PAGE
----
Valve Started Rejecting Games Containing AI-Generated Assets
In June 2023, a game developer published a rejection letter from Valve on the AIGameDev subreddit. According to the OP, the letter included the reasons Valve couldn’t ship the game and suggestions on how to comply with their current policies.
After reviewing, we have identified intellectual property in [Game Name Here] which appears to belongs to one or more third parties. In particular, [Game Name Here] contains art assets generated by artificial intelligence that appears to be relying on copyrighted material owned by third parties. As the legal ownership of such AI-generated art is unclear, we cannot ship your game while it contains these AI-generated assets, unless you can affirmatively confirm that you own the rights to all of the IP used in the data set that trained the AI to create the assets in your game.
The letter also states that the developer was given the opportunity to remove the content they didn’t have the right to and that the game would not be published on Steam if these conditions weren’t met.
Photo illustration: Freepik
Still, that wasn’t the only time Valve had rejected a game due to potential copyright infringement issues. Several game developers shared similar stories, all of which have one thing in common – each developer had used AI-generated content for game development.
Being a reputable video game development company, Valve is aware of the legal uncertainty around generative content, hence the need to be pickier about what is allowed on Steam. If developers can’t prove they have the right to use all visual, text, video, and audio elements within the game, their work will be rejected.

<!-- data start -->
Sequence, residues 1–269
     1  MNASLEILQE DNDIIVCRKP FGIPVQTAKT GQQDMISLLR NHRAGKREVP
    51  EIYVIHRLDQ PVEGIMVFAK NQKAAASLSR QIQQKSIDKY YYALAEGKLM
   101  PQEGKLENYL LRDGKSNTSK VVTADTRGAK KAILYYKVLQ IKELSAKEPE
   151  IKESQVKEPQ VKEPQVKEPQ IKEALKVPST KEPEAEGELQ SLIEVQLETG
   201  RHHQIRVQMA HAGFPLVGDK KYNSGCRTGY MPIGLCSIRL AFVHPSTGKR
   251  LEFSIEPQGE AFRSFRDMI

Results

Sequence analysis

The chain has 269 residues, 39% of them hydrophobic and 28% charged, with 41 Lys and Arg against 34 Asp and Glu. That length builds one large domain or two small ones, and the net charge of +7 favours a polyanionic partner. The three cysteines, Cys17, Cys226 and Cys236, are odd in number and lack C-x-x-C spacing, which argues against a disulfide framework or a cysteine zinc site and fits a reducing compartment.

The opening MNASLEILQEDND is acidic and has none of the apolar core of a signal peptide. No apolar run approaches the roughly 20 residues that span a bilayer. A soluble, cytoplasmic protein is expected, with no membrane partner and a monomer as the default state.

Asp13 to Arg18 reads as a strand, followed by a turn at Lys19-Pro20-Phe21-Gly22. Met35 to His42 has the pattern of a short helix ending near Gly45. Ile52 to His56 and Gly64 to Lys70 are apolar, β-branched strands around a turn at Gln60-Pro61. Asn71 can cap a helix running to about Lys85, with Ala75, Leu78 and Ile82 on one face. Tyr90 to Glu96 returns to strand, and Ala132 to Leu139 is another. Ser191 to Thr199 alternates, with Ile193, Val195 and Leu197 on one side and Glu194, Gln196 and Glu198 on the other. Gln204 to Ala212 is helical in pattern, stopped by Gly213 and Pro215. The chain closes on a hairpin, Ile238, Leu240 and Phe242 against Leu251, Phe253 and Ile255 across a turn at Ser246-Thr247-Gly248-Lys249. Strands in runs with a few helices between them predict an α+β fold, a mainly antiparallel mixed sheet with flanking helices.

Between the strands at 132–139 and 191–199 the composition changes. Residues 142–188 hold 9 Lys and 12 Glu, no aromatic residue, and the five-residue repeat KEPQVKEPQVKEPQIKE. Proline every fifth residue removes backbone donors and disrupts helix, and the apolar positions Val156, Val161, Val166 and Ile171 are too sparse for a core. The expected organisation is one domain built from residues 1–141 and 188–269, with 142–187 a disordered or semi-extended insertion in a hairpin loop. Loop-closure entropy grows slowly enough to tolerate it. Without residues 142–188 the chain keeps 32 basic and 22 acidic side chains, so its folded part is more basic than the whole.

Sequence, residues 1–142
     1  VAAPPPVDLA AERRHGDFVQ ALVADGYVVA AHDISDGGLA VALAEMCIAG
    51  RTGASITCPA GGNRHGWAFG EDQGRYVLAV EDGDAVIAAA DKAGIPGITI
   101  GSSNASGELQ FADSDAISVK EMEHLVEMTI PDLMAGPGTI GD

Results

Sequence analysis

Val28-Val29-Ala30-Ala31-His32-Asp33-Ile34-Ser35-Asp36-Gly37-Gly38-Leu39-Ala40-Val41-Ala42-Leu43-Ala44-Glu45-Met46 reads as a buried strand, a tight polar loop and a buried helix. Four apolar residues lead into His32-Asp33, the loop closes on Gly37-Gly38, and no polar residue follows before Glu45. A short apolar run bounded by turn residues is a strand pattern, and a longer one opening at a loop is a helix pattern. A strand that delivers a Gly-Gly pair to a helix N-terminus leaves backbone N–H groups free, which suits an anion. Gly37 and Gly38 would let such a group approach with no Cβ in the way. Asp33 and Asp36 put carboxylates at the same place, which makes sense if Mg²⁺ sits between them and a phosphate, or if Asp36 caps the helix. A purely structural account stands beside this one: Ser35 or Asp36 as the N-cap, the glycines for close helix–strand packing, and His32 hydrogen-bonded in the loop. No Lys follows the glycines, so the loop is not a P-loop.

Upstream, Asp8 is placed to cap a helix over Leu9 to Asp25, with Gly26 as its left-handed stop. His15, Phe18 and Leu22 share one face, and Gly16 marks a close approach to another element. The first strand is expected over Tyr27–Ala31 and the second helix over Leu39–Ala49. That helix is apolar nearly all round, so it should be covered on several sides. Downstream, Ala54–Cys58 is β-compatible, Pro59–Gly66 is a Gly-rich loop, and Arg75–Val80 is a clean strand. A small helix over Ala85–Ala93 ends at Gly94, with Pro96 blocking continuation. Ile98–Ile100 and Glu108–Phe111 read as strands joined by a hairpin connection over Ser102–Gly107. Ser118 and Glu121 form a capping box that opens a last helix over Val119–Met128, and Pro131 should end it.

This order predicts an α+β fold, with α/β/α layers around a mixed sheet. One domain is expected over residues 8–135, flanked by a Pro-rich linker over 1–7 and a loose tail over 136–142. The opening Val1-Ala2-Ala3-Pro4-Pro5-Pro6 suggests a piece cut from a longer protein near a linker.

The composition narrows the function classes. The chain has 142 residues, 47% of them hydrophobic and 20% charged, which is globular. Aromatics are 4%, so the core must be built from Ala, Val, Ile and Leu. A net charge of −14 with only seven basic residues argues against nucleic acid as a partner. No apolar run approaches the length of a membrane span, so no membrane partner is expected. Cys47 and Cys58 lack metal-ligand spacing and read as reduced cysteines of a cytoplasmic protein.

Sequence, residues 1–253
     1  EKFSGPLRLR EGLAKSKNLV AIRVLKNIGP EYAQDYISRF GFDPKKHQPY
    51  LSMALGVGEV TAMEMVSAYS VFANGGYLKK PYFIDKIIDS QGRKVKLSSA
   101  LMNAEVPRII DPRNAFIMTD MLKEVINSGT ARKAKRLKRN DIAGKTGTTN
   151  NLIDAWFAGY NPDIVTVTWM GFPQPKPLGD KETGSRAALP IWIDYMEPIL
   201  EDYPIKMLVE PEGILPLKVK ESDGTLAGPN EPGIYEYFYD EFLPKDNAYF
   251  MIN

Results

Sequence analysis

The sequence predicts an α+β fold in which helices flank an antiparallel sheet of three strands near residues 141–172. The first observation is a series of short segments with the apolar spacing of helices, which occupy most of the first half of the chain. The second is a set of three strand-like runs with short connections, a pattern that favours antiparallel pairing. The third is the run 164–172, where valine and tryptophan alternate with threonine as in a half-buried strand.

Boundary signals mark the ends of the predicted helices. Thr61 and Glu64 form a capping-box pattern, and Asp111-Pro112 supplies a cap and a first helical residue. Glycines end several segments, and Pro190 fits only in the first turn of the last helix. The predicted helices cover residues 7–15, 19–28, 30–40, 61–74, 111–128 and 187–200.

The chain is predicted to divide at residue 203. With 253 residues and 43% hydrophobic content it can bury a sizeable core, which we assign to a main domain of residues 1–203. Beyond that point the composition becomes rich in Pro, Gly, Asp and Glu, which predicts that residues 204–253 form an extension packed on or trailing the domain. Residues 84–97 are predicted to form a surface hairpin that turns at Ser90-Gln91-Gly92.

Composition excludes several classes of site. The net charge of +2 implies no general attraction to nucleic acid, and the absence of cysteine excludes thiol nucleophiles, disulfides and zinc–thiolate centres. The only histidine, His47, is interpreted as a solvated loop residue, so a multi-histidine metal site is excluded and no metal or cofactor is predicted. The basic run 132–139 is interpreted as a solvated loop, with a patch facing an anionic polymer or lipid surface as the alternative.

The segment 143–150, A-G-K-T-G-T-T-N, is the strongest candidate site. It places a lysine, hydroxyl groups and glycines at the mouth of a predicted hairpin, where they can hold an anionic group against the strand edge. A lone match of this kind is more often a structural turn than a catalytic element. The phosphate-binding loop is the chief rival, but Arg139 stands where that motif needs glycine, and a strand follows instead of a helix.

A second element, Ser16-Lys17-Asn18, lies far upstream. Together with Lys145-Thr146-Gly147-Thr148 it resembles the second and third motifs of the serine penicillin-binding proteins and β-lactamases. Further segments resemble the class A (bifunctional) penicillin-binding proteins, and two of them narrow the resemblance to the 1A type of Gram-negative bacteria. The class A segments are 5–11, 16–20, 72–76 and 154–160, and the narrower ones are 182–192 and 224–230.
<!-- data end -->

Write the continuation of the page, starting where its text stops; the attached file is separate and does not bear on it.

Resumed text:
Valve’s Two Cents on the Recent Events
In an interview with EuroGamer, Valve addressed recent events by claiming that the company is trying to learn about AI and its implementation in game development. Its goal is to publish as many games as possible, but developers should be aware that the current review process of games must align with copyright law and policies.
We know it is a constantly evolving tech, and our goal is not to discourage the use of it on Steam; instead, we're working through how to integrate it into our already-existing review policies. Stated plainly, our review process is a reflection of current copyright law and policies, not an added layer of our opinion. As these laws and policies evolve over time, so will our process.
Valve said in an interview with EuroGamer.
Valve also added that every developer is responsible for ensuring they have the rights to all content and assets used in game development. Still, the company has warned that it’s not always easy to determine if developers have the necessary rights to comply with the current copyright laws.
There’s no doubt that AI could radically improve game production. However, until we have clear guidelines on how to use and distribute AI in our work, similar reports will likely appear in the future.